Film Review: Stuck in Love


He can’t write off his past

Stuck in Love, about a family of novelists, has one of those instantly forgettable titles that in few months time will get lost within the humdrum of the romantic genre. Writers was the original title, and while usually the title doesn’t impact the strength of a film, it can create and establish a certain mood.  The campy title that first-time director-writer Josh Boone chose instead is more reflective of his eldest characters, describing not the vocation they embody and more the transient state of emotion that lingers throughout their nostalgic and self-pitying lives. Stuck in Love therefore is too exclusive of a title because not everyone is in fact in love. They do seem stuck somewhere, though, in their habits, their doubts, and their fears.

I would’ve suggested Writer’s Block, but clearly “love” is, or at least tries to be, a central theme in this film. The only problem is that it shares that word, its storyline, and its characters with those in 2011’s Crazy, Stupid Love. In that film Julianne Moore battles over a divorce with Steve Carrell who seeks new dating help from a studly Ryan Gosling and whose kids, Emma Stone and Jonah Bobo, find their own romantic challenges. In this version, Greg Kinnear and Jennifer Connelly play the parts of the separated couple, Kristen Bell substitutes for Gosling as both a sex partner and stylish motivator, and Lily Collins and Nat Wolff respectively adopt the roles of struggling siblings with contrarian beliefs on relationships.

It’s not the near carbon copy I might be suggesting, but the blueprint is there. Kinnear plays Will, a well-known novelist living off the fame of his first hit and bachelor living at his beach house. He can’t however get over his ex-wife Erica (Connelly) or her new fling, constantly peeping into her windows in progressively more desperate states. Reasons for their separation are alluded to in vague stories about adultery, and, as we eventually see, Will’s oblivious state of authority. He forced his son Rusty (Wolff) and daughter Samantha (Collins) to keep journals everyday, preconditioning their future careers. So far they haven’t dissented!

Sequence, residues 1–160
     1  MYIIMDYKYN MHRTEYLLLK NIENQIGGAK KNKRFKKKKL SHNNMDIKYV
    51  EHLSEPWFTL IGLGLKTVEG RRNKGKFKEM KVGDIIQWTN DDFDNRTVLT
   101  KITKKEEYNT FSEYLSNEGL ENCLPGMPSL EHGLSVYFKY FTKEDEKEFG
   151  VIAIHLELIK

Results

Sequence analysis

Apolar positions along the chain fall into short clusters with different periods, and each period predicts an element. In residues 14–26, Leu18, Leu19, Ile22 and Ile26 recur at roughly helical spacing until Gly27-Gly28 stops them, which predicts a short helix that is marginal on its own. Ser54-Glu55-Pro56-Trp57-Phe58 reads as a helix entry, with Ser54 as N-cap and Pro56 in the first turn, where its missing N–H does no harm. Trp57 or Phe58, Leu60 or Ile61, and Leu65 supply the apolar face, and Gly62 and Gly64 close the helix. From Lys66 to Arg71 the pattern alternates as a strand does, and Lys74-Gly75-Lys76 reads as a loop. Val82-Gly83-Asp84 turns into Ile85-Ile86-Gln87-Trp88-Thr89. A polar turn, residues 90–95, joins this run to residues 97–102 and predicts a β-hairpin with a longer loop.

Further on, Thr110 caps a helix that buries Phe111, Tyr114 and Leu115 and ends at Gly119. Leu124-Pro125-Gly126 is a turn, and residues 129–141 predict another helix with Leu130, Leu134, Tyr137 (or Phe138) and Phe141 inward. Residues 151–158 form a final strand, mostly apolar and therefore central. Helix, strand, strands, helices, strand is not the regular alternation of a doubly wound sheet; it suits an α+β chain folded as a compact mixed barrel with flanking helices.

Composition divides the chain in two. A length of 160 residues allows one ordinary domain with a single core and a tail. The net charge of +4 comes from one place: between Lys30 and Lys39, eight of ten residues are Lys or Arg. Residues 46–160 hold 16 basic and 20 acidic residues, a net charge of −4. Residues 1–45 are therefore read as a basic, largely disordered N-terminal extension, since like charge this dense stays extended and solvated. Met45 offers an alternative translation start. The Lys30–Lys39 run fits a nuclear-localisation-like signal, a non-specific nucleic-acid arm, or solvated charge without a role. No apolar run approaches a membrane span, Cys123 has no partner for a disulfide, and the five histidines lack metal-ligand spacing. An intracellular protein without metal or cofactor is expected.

In fact at Thanksgiving, Samantha back home from college, bursts out news about her new book being published. It’s a mixture of her experiences and strong theories on the realities of sex and relationships, in tune with her promiscuous and very cynically charged nature. Rusty is still in high school, writing sci-fi fantasy and poetry, and stealing the heart of his crush played by Liana Liberato, who has her own personal troubles. He plays the hopeless romantic, inexperienced and in temporary love, condescended by big sis for his puppy-eyed gaze. It takes some brave charm by Logan Lerman to lure her from her disenchanted worldview, and offers sweetness to her icy façade.


Boone weaves the triumvirate of love stories without a judging tone, utilizing indie hallmarks with musical flavorings from Bon Iver and Edward Sharpe in a nondescript North Carolina town. Potentially darker material is available for him to delve into- a cold mother-daughter relationship, a drug issue, a father’s crippling nostalgia- but those precarious cracks are washed with a hopeful, if not naïve glaze.

What’s more at play are the connective tissues of a family in transition, a family whose only real problems are dealing with the opposite sex. You begin to realize why the title was changed because for the family’s passion for writing, the film isn’t necessarily interested in letting us be witnesses to their insular, inspiration problems. But taking that route means Boone gets to utilize his diverse cast. Bell adds punches of humor having casual sex with Will, and Kinnear and Connelly give some of their more trenchant performances playing emotionally locked characters, afraid to turn a new page- a writer’s pun of which they’d approve.

Ultimately, Stuck in Love finds its way into a tidy and convenient final act that ends in the same room and time in which it began. It’s served with an extra dose of schmaltz, both savory and sweet, and even a Stephen King cameo. This shouldn’t come as much of a surprise though with this title. A valiant effort, but hopefully Boone’s next film is actually Writers.




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